There’s something about the single-screen racer that draws me in. Part of that is nostalgia, having played Super Off Road to death at the arcades and on the NES. But there’s something you don’t get in other games, too: the joy of repeatedly lapping your friends, of racing without screencheating, and the general carnage of it all. Eight tiny players on one screen, barely a pixel to share between you. It’s a special kind of chaos.
It put me at the head of the queue for Total Arcade Racing, but having spent several hours with it – too many of them solo, unfortunately (damn you Omicron) – the magic just isn’t there.
Calling yourself ‘Total’ Arcade Racing is a big call for an indie title, but there’s one way that it manages to feel comprehensive. When you boot up Total Arcade Racing, it’s clear that it’s absolutely overflowing with modes. It’s almost daunting: you have – deep breath – Time Trial, Championship, Custom Race, Survivor, Elimination, Endless, Demolition Derby, Car Hockey and Delivery. They’re not gentle riffs on the same tune, either. They are fundamentally different songs.
Time Trial is where most solo-players will start. This is the familiar template of a single race, with up to three stars available for your performance. So, you choose your car, start on the grid, and race against a ‘pace’ car which effectively represents the no-star run. Beat it, and you will notch a star at least.
We assumed our first impressions of Total Arcade Racing would be temporary, but they continued throughout the whole game. The controls are extremely slippery, and we never quite adapted to them. There’s an extreme sensitivity to the handling, which is relatively common to this genre, but it’s too much here. You have to anticipate corners well in advance, and delicately brush the analogue stick, otherwise you are going to plough into a wall. But these tiny, finessed touches don’t leave you with much control. You are working within extremely small windows.
There’s a boost mechanic which exacerbates things. Every five seconds or so, your boost recharges. This is frequent enough that you feel you should be using it, but it’s incredibly superpowered – it can take you from one end of the screen to the other. But there are very few straights that can take advantage of this boost – certainly not every five seconds. So, you have a rocket boost that can’t viably be used, unless you want to pinball yourself to the end of the course. Which you can: it’s theoretically faster, but it’s not satisfying.
Total Arcade Racing is also a bit too crisp and plain for our tastes. It’s like playing a game made out of clip art: it doesn’t have any depth or soul to it. It’s just primary colours and blocky constructions. The lack of depth carries over to the courses, too. We completed the first race and got a 1/42 stat, and assumed that meant there were 42 courses to play. That’s not bad. But we soon realised this was the star total and there were, in fact, 14 courses to play in total. For a modern single-screen racer, particularly with building blocks as simple as these, it just isn’t enough. We cycled through them for an hour before getting bored.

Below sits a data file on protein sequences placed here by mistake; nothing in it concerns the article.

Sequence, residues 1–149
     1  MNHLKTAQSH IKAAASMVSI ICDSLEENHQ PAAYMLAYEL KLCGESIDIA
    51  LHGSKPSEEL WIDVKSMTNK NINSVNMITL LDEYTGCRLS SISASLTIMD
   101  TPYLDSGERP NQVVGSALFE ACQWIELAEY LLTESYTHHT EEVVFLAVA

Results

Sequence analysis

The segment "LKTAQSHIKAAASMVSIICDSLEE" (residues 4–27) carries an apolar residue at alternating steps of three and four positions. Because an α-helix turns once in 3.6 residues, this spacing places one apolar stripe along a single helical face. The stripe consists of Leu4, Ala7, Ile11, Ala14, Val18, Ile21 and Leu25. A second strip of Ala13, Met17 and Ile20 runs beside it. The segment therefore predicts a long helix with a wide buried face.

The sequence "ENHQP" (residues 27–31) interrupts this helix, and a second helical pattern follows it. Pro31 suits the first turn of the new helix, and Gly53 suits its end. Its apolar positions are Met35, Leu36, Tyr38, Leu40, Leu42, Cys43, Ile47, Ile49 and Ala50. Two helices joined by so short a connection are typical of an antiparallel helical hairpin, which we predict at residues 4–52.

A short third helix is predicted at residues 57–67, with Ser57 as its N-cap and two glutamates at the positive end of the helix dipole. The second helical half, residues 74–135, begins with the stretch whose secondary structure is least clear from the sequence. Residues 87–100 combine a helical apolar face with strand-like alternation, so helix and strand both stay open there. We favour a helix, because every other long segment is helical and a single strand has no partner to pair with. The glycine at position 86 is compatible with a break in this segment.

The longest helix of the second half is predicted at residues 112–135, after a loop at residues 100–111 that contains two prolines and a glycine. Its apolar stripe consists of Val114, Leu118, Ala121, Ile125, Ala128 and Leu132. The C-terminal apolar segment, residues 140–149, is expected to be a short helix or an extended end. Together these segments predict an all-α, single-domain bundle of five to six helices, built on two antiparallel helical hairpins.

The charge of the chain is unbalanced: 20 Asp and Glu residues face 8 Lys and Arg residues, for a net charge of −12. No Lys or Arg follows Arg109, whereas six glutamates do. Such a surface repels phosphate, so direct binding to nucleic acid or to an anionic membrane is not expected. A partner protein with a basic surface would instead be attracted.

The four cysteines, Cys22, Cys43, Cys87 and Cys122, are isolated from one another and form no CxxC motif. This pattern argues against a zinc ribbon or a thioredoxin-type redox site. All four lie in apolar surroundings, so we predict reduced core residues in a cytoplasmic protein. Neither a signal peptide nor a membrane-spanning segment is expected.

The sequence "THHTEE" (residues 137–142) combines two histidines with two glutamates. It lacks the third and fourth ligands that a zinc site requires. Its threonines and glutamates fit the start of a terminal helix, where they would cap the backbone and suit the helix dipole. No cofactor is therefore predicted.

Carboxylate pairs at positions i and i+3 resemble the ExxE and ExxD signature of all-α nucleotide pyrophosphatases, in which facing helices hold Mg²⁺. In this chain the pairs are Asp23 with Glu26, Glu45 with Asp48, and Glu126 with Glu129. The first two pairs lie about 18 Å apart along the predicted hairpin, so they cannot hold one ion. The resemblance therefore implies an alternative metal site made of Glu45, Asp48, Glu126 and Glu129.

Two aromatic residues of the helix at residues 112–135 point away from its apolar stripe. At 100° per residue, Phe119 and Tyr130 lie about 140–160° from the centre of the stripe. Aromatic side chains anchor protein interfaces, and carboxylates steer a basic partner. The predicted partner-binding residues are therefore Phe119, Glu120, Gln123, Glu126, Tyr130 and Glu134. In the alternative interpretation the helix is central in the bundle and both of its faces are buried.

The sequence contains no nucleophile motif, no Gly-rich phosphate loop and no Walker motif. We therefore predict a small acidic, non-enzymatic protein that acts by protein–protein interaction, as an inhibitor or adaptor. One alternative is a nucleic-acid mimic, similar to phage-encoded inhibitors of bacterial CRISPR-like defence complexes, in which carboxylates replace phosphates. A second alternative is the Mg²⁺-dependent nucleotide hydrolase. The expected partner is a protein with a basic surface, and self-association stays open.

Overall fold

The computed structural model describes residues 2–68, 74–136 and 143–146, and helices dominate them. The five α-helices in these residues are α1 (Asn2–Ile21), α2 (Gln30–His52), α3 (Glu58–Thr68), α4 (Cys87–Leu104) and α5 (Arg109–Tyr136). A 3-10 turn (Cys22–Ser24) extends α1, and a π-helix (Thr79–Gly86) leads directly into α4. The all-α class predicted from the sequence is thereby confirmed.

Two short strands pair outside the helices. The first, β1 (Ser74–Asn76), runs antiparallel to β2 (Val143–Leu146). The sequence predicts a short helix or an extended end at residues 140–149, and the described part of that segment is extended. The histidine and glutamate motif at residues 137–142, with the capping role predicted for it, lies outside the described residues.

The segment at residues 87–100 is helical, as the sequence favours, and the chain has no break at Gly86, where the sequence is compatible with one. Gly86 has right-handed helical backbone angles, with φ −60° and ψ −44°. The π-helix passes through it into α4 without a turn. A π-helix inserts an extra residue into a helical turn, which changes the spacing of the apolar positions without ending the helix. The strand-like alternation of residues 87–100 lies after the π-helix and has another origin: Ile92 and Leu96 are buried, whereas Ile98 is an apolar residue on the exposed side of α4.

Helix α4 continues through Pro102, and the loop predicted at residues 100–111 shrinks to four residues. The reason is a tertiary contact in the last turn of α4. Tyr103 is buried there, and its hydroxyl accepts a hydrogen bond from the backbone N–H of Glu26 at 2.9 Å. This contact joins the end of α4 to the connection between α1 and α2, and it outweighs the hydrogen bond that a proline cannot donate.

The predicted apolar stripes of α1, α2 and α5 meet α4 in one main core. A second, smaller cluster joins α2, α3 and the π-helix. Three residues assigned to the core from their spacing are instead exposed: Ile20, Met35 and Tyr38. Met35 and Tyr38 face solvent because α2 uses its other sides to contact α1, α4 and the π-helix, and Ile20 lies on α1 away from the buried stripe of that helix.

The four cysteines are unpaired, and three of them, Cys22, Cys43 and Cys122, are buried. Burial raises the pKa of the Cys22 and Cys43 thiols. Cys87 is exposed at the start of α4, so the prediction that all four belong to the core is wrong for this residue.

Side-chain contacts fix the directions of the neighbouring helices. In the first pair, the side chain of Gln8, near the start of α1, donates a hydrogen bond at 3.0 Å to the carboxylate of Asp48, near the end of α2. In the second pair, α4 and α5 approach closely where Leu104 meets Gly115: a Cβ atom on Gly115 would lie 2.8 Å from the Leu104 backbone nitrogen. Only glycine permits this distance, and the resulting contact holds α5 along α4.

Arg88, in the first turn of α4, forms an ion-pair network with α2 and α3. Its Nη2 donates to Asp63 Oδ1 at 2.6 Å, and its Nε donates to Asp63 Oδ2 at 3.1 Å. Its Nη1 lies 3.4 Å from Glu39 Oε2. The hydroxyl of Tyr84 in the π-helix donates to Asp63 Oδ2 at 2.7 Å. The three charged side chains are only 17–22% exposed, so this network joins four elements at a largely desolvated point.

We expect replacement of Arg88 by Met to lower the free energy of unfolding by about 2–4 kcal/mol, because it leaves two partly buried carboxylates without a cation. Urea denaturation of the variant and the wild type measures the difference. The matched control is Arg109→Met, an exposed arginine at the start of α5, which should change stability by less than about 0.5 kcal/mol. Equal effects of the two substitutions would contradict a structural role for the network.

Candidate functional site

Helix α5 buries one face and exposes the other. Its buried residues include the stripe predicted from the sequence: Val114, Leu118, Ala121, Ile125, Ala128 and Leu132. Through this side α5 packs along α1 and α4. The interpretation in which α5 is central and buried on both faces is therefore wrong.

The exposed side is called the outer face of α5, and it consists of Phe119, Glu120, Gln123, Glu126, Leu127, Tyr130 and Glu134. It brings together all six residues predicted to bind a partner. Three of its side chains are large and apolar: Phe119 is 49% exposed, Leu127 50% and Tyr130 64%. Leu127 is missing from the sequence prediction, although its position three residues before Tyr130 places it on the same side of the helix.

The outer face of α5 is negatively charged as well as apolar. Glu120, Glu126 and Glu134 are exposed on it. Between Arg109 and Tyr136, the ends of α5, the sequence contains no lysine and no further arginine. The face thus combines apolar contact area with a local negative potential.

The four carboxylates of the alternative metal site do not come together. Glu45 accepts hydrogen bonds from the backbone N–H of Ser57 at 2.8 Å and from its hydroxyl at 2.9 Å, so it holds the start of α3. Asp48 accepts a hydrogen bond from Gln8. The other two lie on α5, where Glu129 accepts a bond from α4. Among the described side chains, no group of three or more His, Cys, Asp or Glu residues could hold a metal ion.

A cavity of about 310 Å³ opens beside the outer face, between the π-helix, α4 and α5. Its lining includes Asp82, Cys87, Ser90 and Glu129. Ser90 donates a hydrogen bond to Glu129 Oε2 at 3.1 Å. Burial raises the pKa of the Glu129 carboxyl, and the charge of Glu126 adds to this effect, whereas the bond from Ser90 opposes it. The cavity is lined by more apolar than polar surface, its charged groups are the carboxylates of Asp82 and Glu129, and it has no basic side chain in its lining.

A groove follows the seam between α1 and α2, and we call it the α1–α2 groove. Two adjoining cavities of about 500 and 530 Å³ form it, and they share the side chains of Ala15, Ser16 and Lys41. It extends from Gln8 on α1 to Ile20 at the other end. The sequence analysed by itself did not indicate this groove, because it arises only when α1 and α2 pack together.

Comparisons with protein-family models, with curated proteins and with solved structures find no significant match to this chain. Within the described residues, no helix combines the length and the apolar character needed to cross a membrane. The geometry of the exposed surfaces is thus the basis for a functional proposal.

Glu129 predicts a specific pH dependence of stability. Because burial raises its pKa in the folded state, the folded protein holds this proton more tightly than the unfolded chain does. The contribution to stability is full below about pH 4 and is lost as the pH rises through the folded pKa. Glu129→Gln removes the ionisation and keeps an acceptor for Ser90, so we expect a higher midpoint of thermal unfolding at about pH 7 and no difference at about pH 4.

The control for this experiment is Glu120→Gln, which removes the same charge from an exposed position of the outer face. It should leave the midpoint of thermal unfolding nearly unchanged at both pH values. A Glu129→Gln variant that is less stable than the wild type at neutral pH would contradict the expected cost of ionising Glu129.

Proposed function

The courses themselves are fine, if a little flat. There’s none of the height and elevation of Super Off Road or Rock N Roll Racing, for example. You would hope that the courses would capitalise on their own boost mechanics, but they don’t. One level in particular is a sequence of turns around water, and using boost would be a death sentence.
On the positive side, Total Arcade Racing is fully featured. Once you complete a race, you are quickly slotted into a global leaderboard. That shouldn’t be taken for granted – very few games of this type manage it. And it adds another dimension to the racing. Could you perform well enough to land in the top ten of the world? At the moment, it’s perfectly possible. We sneaked a top twenty finish and were rather smug.
Racing on your own is all a bit hollow and uninspiring though, even with the leaderboard to motivate you. Luckily, games like Total Arcade Racing were made for multiplayer, and things do perk up a bit with at least three people playing.
For one, it means more modes are available. The pocket Rocket League of ‘Car Hockey’ and the Crazy Taxi-esque ‘Delivery’ are both played by a minimum of two players, and the other modes are all playable with up to eight players on one console. We’d recommend the bizarre Survivor, which turns the game into an endlessly scrolling upwards race, where you have to preserve your car’s health as you plough into oncoming traffic. The global leaderboards are represented on the track itself, so you can see yourself moving through the ranks. And while Demolition Derby is utter chaos with the slippy handling and boosts, it’s still fun.
The problem with the multiplayer modes is that the core racing just can’t support them. With the lack of control and the inability to use the boosts meaningfully, it’s just not pick-up-and-play, and friends will immediately feel an urge to drop the pad. Your mates are going to spend more time piling into each other on hairpin turns, and asking how to reverse out of corners (hint: they can’t), and that’s not the basis of a hilarious Xbox session.
With more control over the little tin car, Total Arcade Racing might have achieved its purpose: to be a party game of choice for up to eight players. But it’s an unwieldy, slippery beast. You can train yourself to enjoy it, anticipating the turns and conserving your boost, but when you want a game that eight rivals can pick up and enjoy in seconds, it doesn’t fit the bill.
With more emphasis on fun and immediacy, it would have got closer to that ‘total’ prefix. As it stands, we’re going back to Super Off Road.
You can buy Total Arcade Racing from the Xbox Store for Xbox One and Xbox Series X|S